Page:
Richard Simmons leads huge exercise fundraiser in Halifax
World records for biggest group hug and longest line of people sharing a massage set at event
HALIFAX (CP) — Fitness guru Richard Simmons led a gigantic, marathon exercise class Saturday that raised more than $1.1 million for a digital scanner that detects breast cancer.
Breast cancer survivor Joan Helson was among 751 people who danced, jumped and stretched their way through the all-day Bust a Move for Breast Health fitness event at the Halifax Metro Centre.
“It is difficult for me to say just how glad I am to be here, how glad I am that all these people are here,” said the recuperating breast-cancer victim, who completed her drug therapy in December.
“Many of these people have some connection through family or friends with somebody whose life was changed or lost because of breast cancer,” said Helson, before bouncing away for a Zumba dance-exercise workout.
Zumba combines aerobic and muscle-sculpting moves with Latin dance to help participants break out in a good sweat.
There was also a rollicking kitchen fitness party, a yoga class, Pilates and something called a Bust a Move Empower Hour the helped keep the crowd of fundraisers moving before Simmons took command and rallied the troops for the final hour.
“ What an incredible place to be, and what a wonderful cause,” Simmons said to the crowd. “I couldn’t be happier to have played a part in this fantastic event and to be part of this community movement.”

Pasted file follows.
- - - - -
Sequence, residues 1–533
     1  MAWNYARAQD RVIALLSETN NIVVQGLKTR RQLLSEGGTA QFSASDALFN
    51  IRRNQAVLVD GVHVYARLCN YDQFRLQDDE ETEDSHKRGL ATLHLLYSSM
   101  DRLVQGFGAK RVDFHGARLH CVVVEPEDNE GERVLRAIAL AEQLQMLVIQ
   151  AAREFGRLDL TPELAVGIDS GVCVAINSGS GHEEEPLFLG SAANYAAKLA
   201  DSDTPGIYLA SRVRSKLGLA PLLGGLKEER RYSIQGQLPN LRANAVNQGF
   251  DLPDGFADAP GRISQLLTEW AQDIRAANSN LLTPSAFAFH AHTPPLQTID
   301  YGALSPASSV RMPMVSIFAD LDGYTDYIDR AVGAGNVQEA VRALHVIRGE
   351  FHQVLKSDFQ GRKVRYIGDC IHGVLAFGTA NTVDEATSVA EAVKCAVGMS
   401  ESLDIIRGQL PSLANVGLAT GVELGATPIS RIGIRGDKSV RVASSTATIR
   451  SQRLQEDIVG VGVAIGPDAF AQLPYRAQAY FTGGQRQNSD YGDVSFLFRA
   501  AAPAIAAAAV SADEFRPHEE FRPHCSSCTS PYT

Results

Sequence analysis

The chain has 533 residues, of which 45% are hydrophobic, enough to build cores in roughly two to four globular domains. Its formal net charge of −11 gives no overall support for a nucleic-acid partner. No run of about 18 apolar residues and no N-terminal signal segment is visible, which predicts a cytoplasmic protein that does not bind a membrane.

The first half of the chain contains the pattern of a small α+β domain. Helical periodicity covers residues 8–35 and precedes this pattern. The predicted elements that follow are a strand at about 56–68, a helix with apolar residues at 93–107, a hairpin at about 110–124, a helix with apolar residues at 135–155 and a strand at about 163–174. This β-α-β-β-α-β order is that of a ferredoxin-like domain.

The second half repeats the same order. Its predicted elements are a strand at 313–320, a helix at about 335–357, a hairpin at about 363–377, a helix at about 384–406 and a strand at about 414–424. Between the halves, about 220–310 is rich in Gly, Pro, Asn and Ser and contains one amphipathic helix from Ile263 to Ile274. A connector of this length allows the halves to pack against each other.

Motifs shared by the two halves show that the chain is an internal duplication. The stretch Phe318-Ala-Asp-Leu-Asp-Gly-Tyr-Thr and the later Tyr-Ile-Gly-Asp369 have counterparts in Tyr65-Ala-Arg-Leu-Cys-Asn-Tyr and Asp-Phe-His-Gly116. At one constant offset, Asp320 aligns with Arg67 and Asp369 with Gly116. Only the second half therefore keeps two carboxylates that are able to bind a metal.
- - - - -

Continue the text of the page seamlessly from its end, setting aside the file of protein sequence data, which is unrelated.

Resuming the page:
The event raised more than $1.1 million that will go toward the cost of a digital scanning device for a Halifax hospital. Each of the participants had to raise at least $1,000 to take part.
The scanner will increase the number of mammograms that can be provided for women in Nova Scotia and provide more detailed analysis of cellular irregularities that could potentially lead to cancer.
Two world records were set at the event — one for the biggest group hug and the other for the longest line of people sharing a massage.
Instructors guided the big group that overflowed onto the ice surface of the sports complex from a big stage that featured a powerful sound system and huge digital screens that created a rock-concert atmosphere.
Companies had teams participating and, in some cases, friends put together teams to help raise cash for the digital device.
“ We’ve actually been working on this for months,” said Laura Leslie, during a break with friends Ben Boudreau, Cailin MacDonald and Tiffany and Maureen Joudrey, who raised a combined $7,000.
About 700 women are diagnosed with cancer each year in Nova Scotia and at least one succumbs to the disease every other day.
“The digital scanner is a critical tool in early detection, which remains our most effective weapon against breast cancer,” said Helson.